Last Friday, January 23d 2015, I was lucky to be one of the people invited to a convening called “Educating for Democracy” hosted by the Ford Foundation and organized by folks from Generation Citizen, Civic Mission of Schools, Spencer Foundation, and others. I got to be part of this event because of my involvement with the National Action Civics Collaborative – a network of organizations across the country committed to promoting Action Civics , a student-centered, project-based approach to civics education that develops the individual skills, knowledge, and dispositions necessary for 21st century democratic practice. Now as a doctoral student, I study how youth media and in particular civic journalism production can be used a model to develop civic, digital and informational literacies. Needless to say, I was excited to participate in a convening of the field!
The guest list included over 100 participants representing researchers, civic educators, philanthropists, organizational leaders, and youth. It was full of my academic heros – folks like Diana Hess, Judith Torney-Purta, Joseph Kahne, Cathy Cohen, Jeannie Oakes, Peter Levine, Elizabeth Moje, and Barbara Ferman, who has been my role model since I started working for her at the University Community Collaborative almost 10 years ago.
The day was jam-packed with presentations from these civic ed rock stars coupled with facilitated conversations about the role of civic learning in addressing social and economic inequality, political polarization, and the challenges and possibilities in scaling civic learning best practices. We also heard from youth who have participated in civic education and grassroots organizing groups in LA, New Orleans and New York. There was a high school teen at each of the carefully assembled group tables. Since even the best-intentioned youth-focused conferences and institutions often don’t actually do a good job including youth voices and representation at their events, I appreciated the effort to include young people at this gathering.
Below are some highlights from the notes I took throughout the day:
- We know that young people are engaging and benefiting from civic learning opportunities in a wide variety of ways, including through grassroots organizing groups (check out Veronica Terriquez’s impressive body of work on this), after-school leadership programs, youth media and participatory politics activities online (such as using twitter to organize around campaigns like #BlackLivesMatter or #IfTheyGunnedMeDown), ethnic studies classes, and civic science initiatives. None of these models are necessarily the “best way,” but they have many common features that make them impactful…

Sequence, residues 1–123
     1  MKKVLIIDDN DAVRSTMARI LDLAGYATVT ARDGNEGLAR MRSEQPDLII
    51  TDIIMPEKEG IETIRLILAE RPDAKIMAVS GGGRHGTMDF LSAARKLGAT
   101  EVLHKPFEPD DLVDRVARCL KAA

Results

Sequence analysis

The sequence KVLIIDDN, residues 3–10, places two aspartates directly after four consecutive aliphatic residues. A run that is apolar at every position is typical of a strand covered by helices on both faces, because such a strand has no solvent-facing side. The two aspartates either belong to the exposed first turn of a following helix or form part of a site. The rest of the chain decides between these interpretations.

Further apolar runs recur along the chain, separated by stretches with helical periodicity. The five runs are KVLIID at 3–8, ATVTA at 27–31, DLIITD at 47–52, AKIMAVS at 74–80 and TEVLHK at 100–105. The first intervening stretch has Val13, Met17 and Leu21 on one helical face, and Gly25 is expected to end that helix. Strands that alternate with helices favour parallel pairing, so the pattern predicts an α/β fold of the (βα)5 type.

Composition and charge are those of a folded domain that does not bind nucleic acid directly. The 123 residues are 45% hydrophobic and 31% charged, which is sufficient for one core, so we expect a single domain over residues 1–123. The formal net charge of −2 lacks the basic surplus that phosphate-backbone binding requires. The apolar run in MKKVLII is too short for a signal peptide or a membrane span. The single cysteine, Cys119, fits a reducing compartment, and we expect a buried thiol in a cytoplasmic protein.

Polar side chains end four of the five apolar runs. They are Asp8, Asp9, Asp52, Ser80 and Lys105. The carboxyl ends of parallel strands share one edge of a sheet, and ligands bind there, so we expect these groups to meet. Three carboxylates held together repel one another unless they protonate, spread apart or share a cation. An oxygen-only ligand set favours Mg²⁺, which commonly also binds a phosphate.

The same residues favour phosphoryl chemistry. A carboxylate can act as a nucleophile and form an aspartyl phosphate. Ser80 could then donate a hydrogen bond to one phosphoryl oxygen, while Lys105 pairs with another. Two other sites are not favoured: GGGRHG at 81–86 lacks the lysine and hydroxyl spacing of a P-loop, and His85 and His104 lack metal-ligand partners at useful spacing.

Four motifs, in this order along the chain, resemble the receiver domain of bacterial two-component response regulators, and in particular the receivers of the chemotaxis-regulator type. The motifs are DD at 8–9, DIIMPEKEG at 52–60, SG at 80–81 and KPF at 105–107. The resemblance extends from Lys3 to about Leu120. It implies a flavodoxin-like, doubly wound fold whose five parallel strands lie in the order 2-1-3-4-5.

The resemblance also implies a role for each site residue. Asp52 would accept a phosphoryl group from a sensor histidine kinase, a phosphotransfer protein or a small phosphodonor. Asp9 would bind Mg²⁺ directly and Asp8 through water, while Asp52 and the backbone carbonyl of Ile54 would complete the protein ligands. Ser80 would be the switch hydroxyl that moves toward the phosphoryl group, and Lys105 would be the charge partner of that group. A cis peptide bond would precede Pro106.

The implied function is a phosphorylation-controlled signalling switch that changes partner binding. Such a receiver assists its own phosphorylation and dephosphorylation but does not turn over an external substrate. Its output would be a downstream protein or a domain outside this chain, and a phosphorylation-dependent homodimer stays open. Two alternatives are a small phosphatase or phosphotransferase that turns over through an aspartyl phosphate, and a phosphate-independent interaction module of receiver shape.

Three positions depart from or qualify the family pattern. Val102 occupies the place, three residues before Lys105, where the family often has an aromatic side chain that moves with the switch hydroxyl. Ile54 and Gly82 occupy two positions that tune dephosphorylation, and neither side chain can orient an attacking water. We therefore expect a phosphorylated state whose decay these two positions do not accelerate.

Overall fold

- Jeannie Oakes hypothesized that civic learning is powerful in 3 ways:
- It helps young people to learn HOW POWER WORKS. Many civic programs teach the way power is distributed in society and who benefits from the existing arrangements. In some organizations, students actually draw power maps, or investigate the root causes of social inequality. This understanding is critical for building the capacity to address social injustice.
- Students participate in POWERFUL LEARNING EXPERIENCES that are supported by principles of Learning Sciences. In these contexts, students are engaged in learning that is responsive to their socio-cultural contexts; learning that is driven by social interaction, collaboration and negotiation. Learning in these spaces is situated – students are encouraged to leverage the expertise of their lived experiences and reflect on the and reflect on the concrete realities of their daily lives. Finally, youth are apprenticed into a community of practice through the process of Legitimate Peripheral Participation, guided by more capable others (near-peer mentors and facilitators).
- As a result, students in civic learning spaces have the experience of FEELING POWERFUL – they identify problems, set goals, develop strategies, and apply tactics that move them towards completing impactful projects, including organizing to pass or resist important legislature (such as banning school suspensions due to “willful defiance” – a policy that fed the School-to-Prison pipeline).
- Diana Hess talked about the interesting effects of growing political polarization. Based on the way our politicians vote, our country is way more divided ideologically compared to 50 years ago. Republicans are more right and more ideologically aligned with each other. This has several interesting effects:
- It makes administrators and teachers afraid to talk about controversial issues, because they might not be able to negotiate conflicts or disagreements that arise; or may otherwise be accused of being biased and one sided by parents
- Research shows that people who are less polarized are more tolerant of difference – they do not tend to demonize the other as “dangerous” to the future of America